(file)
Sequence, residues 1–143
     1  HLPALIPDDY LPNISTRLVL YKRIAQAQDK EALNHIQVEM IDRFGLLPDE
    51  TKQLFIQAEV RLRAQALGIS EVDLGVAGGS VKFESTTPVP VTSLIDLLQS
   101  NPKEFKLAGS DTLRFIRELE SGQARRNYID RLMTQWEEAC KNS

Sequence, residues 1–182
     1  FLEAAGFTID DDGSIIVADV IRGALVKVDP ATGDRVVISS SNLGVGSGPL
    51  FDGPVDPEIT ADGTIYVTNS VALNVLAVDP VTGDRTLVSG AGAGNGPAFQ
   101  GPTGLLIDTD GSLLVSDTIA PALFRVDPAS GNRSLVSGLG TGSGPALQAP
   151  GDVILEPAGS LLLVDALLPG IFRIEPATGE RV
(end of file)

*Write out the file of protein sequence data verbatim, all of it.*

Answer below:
Sequence, residues 1–143
     1  HLPALIPDDY LPNISTRLVL YKRIAQAQDK EALNHIQVEM IDRFGLLPDE
    51  TKQLFIQAEV RLRAQALGIS EVDLGVAGGS VKFESTTPVP VTSLIDLLQS
   101  NPKEFKLAGS DTLRFIRELE SGQARRNYID RLMTQWEEAC KNS

Sequence, residues 1–182
     1  FLEAAGFTID DDGSIIVADV IRGALVKVDP ATGDRVVISS SNLGVGSGPL
    51  FDGPVDPEIT ADGTIYVTNS VALNVLAVDP VTGDRTLVSG AGAGNGPAFQ
   101  GPTGLLIDTD GSLLVSDTIA PALFRVDPAS GNRSLVSGLG TGSGPALQAP
   151  GDVILEPAGS LLLVDALLPG IFRIEPATGE RV